Pierre Bayard (born 1954) is currently professor of Literature at the University of Paris 8 and psychoanalyst. He is the author of many creative essays such as Who Killed Roger Ackroyd? (2002), How to Talk about Books You Haven't Read (2007), and Sherlock Holmes Was Wrong (2008).
Pierre Bayard is the founder of "interventionist criticism", he is opposed to neutral and uncommitted criticism of literary works. In the course of his essays, he has, among other things, chased down unpunished literary criminals (due to the negligence of their creators), provided tips and tricks for talking about books and places that have not been read or seen, or reflected on the resistance/collaboration dilemma.
Bayard's most popular book, How to Talk about Books You Haven't Read (Minuit, 2007), is a bestseller in France in which he engages in a study of the different ways of not reading a book, and recommends solutions to be able to talk about it anyway. Assuming that some readers have a terrifying understanding of reading, he tries to make them feel free from guilt for not having read canonical literature. The essential thing in culture being to have an overview, he claims the possibility of having a perforated and incomplete culture. Pierre Bayard has renewed this system in Comment parler des lieux où l'on n'a pas été, a work in the second degree again, in which he reviews the authors who have spoken of places they have not visited.
His books have been considered as cases of "novelistic criticism", in that they present revisionist readings of famous fictional mysteries. In his 2008 book L'Affaire du Chien des Baskerville, for example, published in English as Sherlock Holmes Was Wrong: Re-opening the Case of the Hound of the Baskervilles he analyzes the famous Sherlock Holmes case, and in his earlier book Who Killed Roger Ackroyd? he re-investigates Agatha Christie's The Murder of Roger Ackroyd.
In 2019 returned to an other book by Agatha Christie, And Then There Were None and questioned the solution delivered to the outcome of her novel. His entire book is therefore the counter-investigation that must restore the truth: we find in fact the procedure he already used earlier: attempts to rectify certain fictional police investigations that he considers unlikely. And he proposes to come back to a new literary misunderstanding and shed light on a mystery that no one has solved, not even Agatha Christie. The novelty this time being that he lets the real murderer of the And Then There Were None speak for himself to lead us to the only acceptable solution.
His book on Hamlet argues that Claudius did not kill Hamlet's father. In these essays on Agatha Christie, Shakespeare and Conan Doyle, he engages in real literary counter-investigations, studying the motivations of the characters, highlighting the inconsistencies of the intrigues and humorously showing that fictional characters escape their creators.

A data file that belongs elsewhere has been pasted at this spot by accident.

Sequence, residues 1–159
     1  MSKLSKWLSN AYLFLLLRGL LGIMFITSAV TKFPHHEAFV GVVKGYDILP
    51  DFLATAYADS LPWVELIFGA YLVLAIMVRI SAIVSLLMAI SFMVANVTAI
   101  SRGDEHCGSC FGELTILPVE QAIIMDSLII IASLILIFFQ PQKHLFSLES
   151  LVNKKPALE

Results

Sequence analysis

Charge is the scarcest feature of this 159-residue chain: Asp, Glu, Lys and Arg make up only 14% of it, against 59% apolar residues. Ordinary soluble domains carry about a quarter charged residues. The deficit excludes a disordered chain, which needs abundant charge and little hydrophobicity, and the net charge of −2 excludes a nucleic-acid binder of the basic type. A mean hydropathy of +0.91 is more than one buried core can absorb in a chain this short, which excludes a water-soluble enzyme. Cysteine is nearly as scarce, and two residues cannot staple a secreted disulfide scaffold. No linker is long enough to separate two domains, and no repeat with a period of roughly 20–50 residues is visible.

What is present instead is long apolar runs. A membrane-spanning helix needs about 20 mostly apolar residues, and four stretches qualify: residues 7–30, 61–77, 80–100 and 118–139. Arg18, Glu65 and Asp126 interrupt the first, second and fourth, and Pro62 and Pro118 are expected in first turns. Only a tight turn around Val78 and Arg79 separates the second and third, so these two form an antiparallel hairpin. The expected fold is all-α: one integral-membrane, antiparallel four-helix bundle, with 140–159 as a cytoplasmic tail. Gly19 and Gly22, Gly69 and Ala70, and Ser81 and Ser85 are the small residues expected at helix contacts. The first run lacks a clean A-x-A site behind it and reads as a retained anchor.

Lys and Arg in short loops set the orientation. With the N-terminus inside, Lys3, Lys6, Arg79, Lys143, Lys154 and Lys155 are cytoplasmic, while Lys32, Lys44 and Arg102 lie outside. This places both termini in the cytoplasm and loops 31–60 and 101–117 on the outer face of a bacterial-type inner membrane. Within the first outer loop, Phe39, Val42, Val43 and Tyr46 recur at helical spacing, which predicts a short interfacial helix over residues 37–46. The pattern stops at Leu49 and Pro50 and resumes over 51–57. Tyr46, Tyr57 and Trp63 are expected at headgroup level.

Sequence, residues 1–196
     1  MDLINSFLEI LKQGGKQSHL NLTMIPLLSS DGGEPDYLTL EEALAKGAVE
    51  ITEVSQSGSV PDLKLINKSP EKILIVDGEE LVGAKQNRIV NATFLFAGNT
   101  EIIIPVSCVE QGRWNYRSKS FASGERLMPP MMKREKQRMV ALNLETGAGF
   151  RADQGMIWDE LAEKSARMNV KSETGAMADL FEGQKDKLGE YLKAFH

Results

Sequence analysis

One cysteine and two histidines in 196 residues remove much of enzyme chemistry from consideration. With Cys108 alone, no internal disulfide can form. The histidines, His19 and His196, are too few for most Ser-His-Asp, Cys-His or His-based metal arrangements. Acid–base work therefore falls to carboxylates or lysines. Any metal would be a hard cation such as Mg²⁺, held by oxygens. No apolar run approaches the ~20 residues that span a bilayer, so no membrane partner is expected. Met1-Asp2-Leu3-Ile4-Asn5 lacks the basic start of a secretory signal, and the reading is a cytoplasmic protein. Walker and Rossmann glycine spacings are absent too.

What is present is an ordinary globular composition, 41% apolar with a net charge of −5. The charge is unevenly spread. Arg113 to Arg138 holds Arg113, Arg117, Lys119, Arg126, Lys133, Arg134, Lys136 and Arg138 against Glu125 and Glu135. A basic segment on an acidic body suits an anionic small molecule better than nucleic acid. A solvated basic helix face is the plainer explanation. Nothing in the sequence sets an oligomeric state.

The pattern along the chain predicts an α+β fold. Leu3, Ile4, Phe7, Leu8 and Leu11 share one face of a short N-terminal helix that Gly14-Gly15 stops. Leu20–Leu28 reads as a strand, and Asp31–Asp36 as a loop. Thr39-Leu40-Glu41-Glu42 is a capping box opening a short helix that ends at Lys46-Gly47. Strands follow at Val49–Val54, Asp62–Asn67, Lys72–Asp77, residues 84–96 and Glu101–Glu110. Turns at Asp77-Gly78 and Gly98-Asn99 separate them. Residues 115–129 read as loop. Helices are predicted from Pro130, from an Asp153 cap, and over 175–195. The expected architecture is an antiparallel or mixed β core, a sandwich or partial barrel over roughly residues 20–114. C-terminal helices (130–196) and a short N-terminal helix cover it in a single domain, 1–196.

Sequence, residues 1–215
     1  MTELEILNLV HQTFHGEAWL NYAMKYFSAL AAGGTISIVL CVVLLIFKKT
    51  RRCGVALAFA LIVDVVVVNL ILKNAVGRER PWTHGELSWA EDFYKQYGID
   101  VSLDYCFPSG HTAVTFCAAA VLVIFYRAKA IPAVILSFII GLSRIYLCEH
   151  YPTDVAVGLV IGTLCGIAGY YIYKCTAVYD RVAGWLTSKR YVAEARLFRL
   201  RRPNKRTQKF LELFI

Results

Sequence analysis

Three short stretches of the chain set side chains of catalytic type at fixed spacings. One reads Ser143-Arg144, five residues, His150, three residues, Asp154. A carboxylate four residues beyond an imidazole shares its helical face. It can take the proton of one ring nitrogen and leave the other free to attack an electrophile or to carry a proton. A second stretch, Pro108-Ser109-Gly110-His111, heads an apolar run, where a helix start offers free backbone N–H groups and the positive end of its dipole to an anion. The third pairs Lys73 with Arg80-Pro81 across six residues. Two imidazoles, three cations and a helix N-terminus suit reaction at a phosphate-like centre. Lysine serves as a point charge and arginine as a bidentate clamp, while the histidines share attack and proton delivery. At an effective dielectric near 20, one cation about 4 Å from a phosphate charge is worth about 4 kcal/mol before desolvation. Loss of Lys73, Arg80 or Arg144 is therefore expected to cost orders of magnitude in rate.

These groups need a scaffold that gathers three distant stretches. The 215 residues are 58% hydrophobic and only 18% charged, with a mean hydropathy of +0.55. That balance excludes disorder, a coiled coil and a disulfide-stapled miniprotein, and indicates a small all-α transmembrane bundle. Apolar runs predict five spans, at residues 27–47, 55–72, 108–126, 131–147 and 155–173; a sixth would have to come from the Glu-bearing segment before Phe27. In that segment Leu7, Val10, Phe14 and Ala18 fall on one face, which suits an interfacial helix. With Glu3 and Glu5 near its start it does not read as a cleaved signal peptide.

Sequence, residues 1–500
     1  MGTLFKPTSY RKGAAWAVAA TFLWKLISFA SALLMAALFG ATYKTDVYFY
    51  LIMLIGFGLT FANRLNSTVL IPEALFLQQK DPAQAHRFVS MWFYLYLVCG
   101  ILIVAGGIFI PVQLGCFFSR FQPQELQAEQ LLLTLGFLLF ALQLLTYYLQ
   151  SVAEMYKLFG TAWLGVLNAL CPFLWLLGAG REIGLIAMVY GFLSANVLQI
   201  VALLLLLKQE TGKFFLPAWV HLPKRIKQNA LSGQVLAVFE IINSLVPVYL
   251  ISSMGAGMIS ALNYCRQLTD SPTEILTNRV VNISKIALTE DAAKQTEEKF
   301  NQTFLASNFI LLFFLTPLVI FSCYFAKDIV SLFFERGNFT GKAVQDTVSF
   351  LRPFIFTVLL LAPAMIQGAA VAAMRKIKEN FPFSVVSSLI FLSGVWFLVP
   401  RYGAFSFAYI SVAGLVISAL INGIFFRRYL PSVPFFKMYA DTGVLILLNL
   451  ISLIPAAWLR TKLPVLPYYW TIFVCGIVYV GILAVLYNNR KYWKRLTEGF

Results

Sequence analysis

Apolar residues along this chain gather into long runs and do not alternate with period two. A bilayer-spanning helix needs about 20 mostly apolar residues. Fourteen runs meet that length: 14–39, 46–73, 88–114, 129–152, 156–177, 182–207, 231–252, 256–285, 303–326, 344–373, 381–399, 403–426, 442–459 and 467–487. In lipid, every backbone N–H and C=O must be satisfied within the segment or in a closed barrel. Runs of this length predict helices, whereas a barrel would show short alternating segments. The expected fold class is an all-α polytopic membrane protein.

Moreover, humour is a fundamental element of his writing. In How to Talk about Books You Haven't Read, the narrator teaches the way not to read, which is a joke because he himself is a great reader. For Pierre Bayard, humour has an analytical function. It allows you to mark a gap between yourself and yourself, and therefore to distance yourself from what you read.
- Balzac et le troc de l"imaginaire. Lecture de La Peau de chagrin (Lettres modernes-Minard, 1978).
- Symptôme de Stendhal. Armance et l’aveu (Lettres modernes-Minard, 1980).
- Il était deux fois Romain Gary (Presses universitaires de France, 1990).
- Le Paradoxe du menteur. Sur Laclos (Minuit, 1993).
- Maupassant, juste avant Freud (Minuit, 1994).
- Le Hors-sujet. Proust et la digression (Minuit, 1996).
- Qui a tué Roger Ackroyd? (Minuit, 1998 et « Reprise », 2002).
- Lire avec Freud. Pour Jean Bellemin-Noël, dir. Pierre Bayard (Presses universitaires de France, 1998).
- Comment améliorer les œuvres ratées? (Minuit, 2000).
- Enquête sur Hamlet. Le Dialogue de sourds (Minuit, 2002).
- Le Détour par les autres arts. Pour Marie-Claire Ropars, dir. Pierre Bayard et Christian Doumet (L’Improviste, 2004).
- Peut-on appliquer la littérature à la psychanalyse (Minuit, 2004).
- Demain est écrit (Minuit, 2005).
- Comment parler des livres que l'on n'a pas lus? (Minuit, 2007).
- Sherlock Holmes Was Wrong (Minuit, 2008).
- Le Plagiat par anticipation (Minuit, 2009).
- Et si les œuvres changeaient d'auteur? (Minuit, 2010).
- Comment parler des lieux où l’on n’a pas été? (Minuit, 2012).
- Aurais-je été résistant ou bourreau? (Minuit, 2013).
- Il existe d’autres mondes, Minuit, 2014
- Aurais-je sauvé Geneviève Dixmer ?, Minuit, 2015
- Le Titanic fera naufrage, Minuit, 2016
- L'énigme Tolstoïevski, Minuit, 2017
- La vérité sur "Dix petits nègres", Minuit, 2019
- Comment parler des faits qui ne se sont pas produits ?,
- Oedipe n'est pas coupable, Minuit, 2021, ( ISBN 9782707347107 )
- "Books we have never read" (review)
- "L'Affaire du chien" (review)